Michael Niedermayer managed to get demoted from his leader position by the topmost 18 people involved in FFmpeg by the time due his tendency of not following even the basic project rules. That after weeks from being voted to stay as leader by 15, 5 explicitly stating their vote was conditioned by his behavior and 1 definitely against him.

His demotion is due to acts in full disregard of the policies in place, even those enforced automatically by the svn hooks.

The fact he bullied and belittled volunteers and contributor can be checked by digging the mailing list during the months and the year before the management change and it also added up to the decision.

What aims to do

Being burnt by the unreliable leadership experience the Libav organization focused on rules both for development and for management.

Ideally having a clear set of rules and making every member and contributor abide to the very same rule would prevent abuses.

Rules in summary

  • All the code must use the same coding style
  • All the patches require a review.
    • Nothing hits the tree before a second pair of eyes read the code.
    • No part of the code is a private garden that only selected people modify on their whim.
  • Everybody must abide to a quite simple code of conduct.
    • rude behavior is not welcome.
    • flames are not welcome.
    • constructive criticism is needed.

Since FFmpeg was a project famous for horrid code quality and sketchy and irregular API and a good chunk of needed changes were vetoed by the now-demoted leader, Libav focused mainly in cleaning up the code and making the API easy to use. This lead to deep overhauls such as reference-counted frames to make the multi-threading much simpler, reference-counted packets to make extended workflow easy and a good chunk of bugs and ancient issues fixed.

Demotivation and FUD

The people involved in Libav mainly focused on code, ignoring most if not all the kind of wild statements fans of Michael Niedermayer dispersed around internet. The idea is that the code should speak by itself.

Did not work as expected. At all.

Apparently news outlets prefer to repeat whatever they find on a blogpost instead of checking the facts by reading the mailing list and the git. Many misconceptions, to use an euphemism, had been spun around and apparently won’t die that quickly if left unaccounted.

The thief theme

“The people behind Libav stole the FFmpeg infrastructure”, some of the admins even got questioned in their workplace if they really stole something. Pity that most of the people related in keeping the infrastructure functional were doing so on their own hardware and co-location, but obviously checking facts is hard, better go help shoveling manure on people.

Needless to say that gets hard keep spending time and resources and get this kind of treatment. At VDD 2014 there were some agreements on at least clear the air about this by having a strong statement about it. So far it did not happen.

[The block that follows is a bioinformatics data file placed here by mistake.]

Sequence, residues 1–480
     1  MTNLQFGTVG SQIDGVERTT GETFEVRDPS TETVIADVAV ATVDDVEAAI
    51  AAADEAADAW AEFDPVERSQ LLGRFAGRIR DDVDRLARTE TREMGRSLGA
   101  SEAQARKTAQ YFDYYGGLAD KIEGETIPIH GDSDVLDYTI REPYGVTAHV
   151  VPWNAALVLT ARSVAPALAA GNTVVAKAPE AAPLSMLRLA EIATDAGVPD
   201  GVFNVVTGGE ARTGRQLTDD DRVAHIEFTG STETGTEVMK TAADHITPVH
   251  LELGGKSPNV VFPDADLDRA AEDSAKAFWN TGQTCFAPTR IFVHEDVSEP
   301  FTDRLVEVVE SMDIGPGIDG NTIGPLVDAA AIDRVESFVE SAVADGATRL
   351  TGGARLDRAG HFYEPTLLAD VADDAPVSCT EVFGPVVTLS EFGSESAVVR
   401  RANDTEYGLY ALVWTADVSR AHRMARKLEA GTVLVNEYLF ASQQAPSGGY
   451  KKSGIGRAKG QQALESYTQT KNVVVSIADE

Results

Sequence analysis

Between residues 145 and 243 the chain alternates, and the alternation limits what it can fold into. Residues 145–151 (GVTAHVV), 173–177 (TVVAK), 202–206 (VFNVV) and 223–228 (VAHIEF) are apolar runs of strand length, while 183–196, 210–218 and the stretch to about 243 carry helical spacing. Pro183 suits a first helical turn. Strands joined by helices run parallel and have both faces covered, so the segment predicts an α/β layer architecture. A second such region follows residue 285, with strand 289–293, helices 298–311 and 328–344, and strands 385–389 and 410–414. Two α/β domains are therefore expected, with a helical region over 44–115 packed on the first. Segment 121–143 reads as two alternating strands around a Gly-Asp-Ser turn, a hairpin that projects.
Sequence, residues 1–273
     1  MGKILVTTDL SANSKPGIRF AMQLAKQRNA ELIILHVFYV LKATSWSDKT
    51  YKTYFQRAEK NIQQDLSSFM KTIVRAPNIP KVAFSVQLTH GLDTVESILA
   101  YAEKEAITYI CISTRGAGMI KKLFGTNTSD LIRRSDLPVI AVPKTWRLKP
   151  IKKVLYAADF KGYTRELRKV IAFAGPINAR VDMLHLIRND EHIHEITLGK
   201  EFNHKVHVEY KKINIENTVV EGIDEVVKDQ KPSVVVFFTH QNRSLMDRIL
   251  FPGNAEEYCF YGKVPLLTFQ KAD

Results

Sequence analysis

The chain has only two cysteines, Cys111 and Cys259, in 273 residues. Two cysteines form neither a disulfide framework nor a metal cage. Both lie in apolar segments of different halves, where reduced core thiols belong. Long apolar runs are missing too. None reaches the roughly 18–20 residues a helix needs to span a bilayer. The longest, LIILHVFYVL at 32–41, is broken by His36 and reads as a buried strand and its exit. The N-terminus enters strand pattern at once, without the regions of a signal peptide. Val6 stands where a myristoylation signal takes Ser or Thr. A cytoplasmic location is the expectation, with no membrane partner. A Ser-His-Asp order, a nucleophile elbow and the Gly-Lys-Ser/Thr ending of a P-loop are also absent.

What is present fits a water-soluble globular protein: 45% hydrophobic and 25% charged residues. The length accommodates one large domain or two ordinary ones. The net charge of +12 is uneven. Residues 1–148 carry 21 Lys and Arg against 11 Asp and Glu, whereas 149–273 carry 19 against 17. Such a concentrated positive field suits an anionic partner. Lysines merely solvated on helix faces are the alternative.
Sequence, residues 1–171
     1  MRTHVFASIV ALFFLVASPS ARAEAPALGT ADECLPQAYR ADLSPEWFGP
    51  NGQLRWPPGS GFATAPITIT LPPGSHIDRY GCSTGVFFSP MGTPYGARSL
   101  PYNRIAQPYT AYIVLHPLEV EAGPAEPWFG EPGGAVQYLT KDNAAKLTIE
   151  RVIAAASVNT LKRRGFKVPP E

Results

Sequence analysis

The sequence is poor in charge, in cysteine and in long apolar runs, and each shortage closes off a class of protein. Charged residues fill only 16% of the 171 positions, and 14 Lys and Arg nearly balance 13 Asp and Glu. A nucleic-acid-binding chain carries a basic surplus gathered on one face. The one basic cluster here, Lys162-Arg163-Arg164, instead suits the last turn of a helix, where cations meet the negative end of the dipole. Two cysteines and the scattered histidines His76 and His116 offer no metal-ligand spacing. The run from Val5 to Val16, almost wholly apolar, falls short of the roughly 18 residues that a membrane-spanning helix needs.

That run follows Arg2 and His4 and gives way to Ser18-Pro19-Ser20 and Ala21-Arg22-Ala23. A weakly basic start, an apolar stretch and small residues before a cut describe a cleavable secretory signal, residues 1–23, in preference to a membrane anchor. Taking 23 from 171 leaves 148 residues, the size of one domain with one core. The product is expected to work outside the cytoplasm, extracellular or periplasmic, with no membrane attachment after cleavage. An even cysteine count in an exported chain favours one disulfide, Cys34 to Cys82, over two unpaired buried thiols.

The daily merge

“Libav is a non-functional fork of FFmpeg” is quite often repeated all around, Michael started to merge daily everything Libav does more or less since the beginning, making FFmpeg effectively a strict derivative of Libav.

Initially he even use a quite misleading moniker in his merge naming qatar the Libav tree. Now things are a little more fair and at least FFmpeg more or less states that is a derivative of Libav with additional features in their download page.

Few people ended up deciding to leave the Libav project since they did not appreciate the fact their hard work done on their spare time would be used by somebody else to disparage them and on top of it to ask for donation with wild claims that the “80% of all is done in FFmpeg is done by Michael”.

You are helping the evil

New people contributing to Libav quite often get some fans contacting them to enlighten the people about how evil is Libav and the people working on it and how much better FFmpeg is and how better would be to contribute to the real project.

This is a form of harassment, so far the people involved kept sort of quiet, but probably would help being more outspoken since most people around do not like to check the facts. Private emails probably should stay private, but blog post comments can be easily found and linked. Since from the beginning such “jokes” had been spun I let the reader imagine how much patience somebody should muster to keep staying quiet and just write code (this post is me getting fed up enough after 3+ years).

Motivation and Demotivation

I like to write code that is functional and doesn’t pokes you eyes when you read it after a while and I like to write code about multimedia among the other things.

I used to consider the split and the following competition had been a bliss, since the original FFmpeg project was pretty much dying due the kind of environment it had. Having a competitor tempers the bad tendencies quite well.

On the other hand I’m not cool at all in having an unfair competition, with a side piggy-backing on the other like it is happening: everything in Libav is merged inf FFmpeg, enjoying the fact the code is polished and cleaned before. Libav has the above mentioned rules so any patch has to be discussed and usually that leads to a fair amount of changes when what is cherry-picked from FFmpeg hits the mailing list for review a good deal of times is faster and simpler to just write fix covering more issues or rewrite from scratch the feature some user deemed interesting to have.

I probably won’t stop contributing to Libav since I like a lot working with the other people involved and the few people thanking me now and then make me think that giving up would just cause more harm than good in the big picture. I can understand those that decide to stop though, sometimes the amount of nonsense thrown at you by those rabid fans not knowing anything is appalling.

Hopefully writing more about it might help defusing this situation.

PS: You might also read the often-ignored initial remark from Kostya